Facebook Turns a Profit, Triples Members

While you were posting vacation photos and messaging your friends, Facebook just became the world?s fourth largest ?nation.?

While you were posting vacation photos and messaging your friends, Facebook just became the world's fourth largest "nation."

Pause for a moment to consider that fact. In the last year, Facebook, the social networking site to which you likely already belong, has seen its membership rolls triple in the last year to a total of 300 million members. And if those trends are continuing, Facebook today will add another 3 million members -- that is, the population of a city the size of Berlin, Madrid or Buenos Aires.

VIDEO: The social networking site made more money than expected in the last quarter.

Three hundred million members is a mind-boggling number. In terms of population, it would put Facebook on the list only behind China, India and the United States -- and just beyond Indonesia, Brazil and Pakistan. It is almost as big as the entire population of the European Union, of sub-Saharan Africa, or South America. And, incredibly, it is equal to the entire population of the world in the year 1000.

Facebook, of course, isn't really a sovereign nation. Still, one could make the case that at least to millions of young people who visit the site a dozen or more times per day, take their cultural cues from the site, use it as their communications infrastructure to their social groups, and define their self-worth by how they are rated by others on the site -- it is has become a de facto, virtual second country to which they owe a special kind of allegiance.

The cultural side of technology revolutions have a tendency to sneak up on us. We see the tech, of course, but technology by its very nature tends to be personalized, i.e. mass customizable. When you shop on eBay for that special piece of 19th century Limoges china or original "Beatles for Sale" LP, the experience is intentionally intimate and personal. You discover that there are four items for sale, offered at different prices by four different sellers. It is all, by design, the virtual version of walking up to four vendors at a flea market. Only if you look closely do you realize those four sellers are scattered across North America, perhaps even the world.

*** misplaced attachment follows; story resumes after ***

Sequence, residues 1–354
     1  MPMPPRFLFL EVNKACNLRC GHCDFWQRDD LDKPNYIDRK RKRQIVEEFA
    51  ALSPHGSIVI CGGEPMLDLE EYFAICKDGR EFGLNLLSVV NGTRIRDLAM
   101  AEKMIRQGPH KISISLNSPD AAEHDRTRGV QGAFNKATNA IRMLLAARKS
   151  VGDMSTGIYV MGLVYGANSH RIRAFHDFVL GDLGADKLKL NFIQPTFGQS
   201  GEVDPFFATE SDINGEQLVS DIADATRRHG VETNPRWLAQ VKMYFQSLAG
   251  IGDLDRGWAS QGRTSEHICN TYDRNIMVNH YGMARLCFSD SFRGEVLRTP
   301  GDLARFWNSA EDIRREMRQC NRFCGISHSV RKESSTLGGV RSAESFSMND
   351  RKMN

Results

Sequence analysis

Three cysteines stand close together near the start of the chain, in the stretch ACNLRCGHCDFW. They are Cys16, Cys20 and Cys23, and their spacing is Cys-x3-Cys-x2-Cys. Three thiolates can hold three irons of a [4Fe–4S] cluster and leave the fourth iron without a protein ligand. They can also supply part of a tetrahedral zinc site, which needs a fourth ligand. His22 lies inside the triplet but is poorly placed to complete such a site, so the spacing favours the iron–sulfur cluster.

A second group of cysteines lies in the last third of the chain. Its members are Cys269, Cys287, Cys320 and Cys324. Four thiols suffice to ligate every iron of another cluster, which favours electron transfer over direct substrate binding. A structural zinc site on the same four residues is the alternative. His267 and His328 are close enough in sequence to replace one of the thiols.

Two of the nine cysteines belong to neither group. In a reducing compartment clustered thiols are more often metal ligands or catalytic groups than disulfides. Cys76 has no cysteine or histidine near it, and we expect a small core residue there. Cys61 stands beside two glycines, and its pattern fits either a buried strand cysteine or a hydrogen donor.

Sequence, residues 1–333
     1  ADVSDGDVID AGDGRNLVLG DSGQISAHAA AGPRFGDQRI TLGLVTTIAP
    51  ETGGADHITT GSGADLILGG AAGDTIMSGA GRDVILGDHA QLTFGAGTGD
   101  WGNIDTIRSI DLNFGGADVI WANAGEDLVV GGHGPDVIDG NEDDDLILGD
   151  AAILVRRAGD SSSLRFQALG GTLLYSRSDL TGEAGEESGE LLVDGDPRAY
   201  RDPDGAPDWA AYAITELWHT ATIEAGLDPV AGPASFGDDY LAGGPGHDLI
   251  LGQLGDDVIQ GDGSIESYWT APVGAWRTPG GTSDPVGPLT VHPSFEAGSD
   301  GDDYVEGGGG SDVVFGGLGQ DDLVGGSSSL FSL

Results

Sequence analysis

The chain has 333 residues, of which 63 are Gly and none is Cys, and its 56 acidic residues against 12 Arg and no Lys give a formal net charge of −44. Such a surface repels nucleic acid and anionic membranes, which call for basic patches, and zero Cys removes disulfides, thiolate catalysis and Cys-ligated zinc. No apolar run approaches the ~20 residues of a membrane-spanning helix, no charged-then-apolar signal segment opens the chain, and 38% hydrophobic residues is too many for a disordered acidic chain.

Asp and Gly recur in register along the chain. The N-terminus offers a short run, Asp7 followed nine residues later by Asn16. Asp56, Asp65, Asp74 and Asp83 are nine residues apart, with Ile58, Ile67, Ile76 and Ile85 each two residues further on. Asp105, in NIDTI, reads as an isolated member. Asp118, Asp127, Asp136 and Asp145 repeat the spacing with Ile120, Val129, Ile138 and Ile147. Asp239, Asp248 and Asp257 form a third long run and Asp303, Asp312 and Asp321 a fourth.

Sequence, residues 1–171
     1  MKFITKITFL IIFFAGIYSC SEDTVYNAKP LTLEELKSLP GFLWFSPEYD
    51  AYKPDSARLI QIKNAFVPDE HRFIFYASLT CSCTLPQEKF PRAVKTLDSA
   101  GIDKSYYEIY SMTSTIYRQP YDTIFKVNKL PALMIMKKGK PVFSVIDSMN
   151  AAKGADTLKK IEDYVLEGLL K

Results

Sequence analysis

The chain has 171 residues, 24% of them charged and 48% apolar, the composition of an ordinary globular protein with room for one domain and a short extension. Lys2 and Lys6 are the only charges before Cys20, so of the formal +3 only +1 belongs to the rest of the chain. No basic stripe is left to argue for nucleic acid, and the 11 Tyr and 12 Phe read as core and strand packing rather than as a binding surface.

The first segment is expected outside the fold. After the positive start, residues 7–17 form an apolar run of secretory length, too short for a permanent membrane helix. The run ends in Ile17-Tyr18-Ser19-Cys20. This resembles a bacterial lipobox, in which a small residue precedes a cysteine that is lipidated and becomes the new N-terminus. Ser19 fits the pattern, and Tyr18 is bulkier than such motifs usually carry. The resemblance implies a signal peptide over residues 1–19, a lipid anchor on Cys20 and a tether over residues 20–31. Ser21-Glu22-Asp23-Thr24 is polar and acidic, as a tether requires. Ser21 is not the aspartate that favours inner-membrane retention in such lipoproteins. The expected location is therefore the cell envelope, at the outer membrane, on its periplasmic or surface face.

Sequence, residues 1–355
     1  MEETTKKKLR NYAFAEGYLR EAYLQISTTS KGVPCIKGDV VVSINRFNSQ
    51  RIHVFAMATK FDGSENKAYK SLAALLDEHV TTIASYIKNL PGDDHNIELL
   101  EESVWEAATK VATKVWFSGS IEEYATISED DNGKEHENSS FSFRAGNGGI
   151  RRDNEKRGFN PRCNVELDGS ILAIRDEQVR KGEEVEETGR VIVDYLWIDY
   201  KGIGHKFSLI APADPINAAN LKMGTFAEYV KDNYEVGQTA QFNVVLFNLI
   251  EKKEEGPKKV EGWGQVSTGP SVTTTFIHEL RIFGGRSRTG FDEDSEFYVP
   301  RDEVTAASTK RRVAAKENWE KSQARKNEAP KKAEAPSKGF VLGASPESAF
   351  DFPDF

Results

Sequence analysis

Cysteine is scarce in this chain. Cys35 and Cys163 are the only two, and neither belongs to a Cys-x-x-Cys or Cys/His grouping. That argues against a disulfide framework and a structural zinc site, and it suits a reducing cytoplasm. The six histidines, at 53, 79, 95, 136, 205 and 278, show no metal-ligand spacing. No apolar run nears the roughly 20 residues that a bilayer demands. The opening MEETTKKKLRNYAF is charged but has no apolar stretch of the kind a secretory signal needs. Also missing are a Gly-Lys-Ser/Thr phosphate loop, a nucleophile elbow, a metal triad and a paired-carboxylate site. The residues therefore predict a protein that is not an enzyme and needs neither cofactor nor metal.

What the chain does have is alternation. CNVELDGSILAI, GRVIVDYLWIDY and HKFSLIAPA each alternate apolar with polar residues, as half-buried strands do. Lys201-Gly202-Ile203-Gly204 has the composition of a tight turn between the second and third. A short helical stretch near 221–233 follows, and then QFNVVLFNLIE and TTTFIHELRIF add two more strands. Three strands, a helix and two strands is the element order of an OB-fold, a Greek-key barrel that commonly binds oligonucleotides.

But even if you notice that astonishing geographic scope, it is unlikely that, viscerally, you also appreciate the fact that beyond your little online room where this transaction is taking place, there are literally millions of other little rooms where other transactions like yours also are taking place at this very moment.

That there are whole regions of eBay -- vast sub-markets selling parts for 1960s manufacturing process control equipment, for example -- that you know nothing about, will never visit, yet are the heart of entire multi-million dollar industries.

These areas are invisible to you because (unlike the natural world) you don't have to pass through them -- like the furniture department at Wal-Mart on the way to the stereo department -- to get to where you are going; because the human brain can't encompass all of these millions of items in thousands of categories, and because you don't have even enough expertise in those arcane fields to know the right terms to search for.

This interesting cognitive phenomenon is what underlies the so-called Metcalfe's Law. No one has yet come up with a precise definition of the law, but everyone knows that it's true. Here's the standard formulation: The value of a network is proportional to the square of the number of connected users. Put simply: The more people use a network, the whole lot more that network is worth to them.

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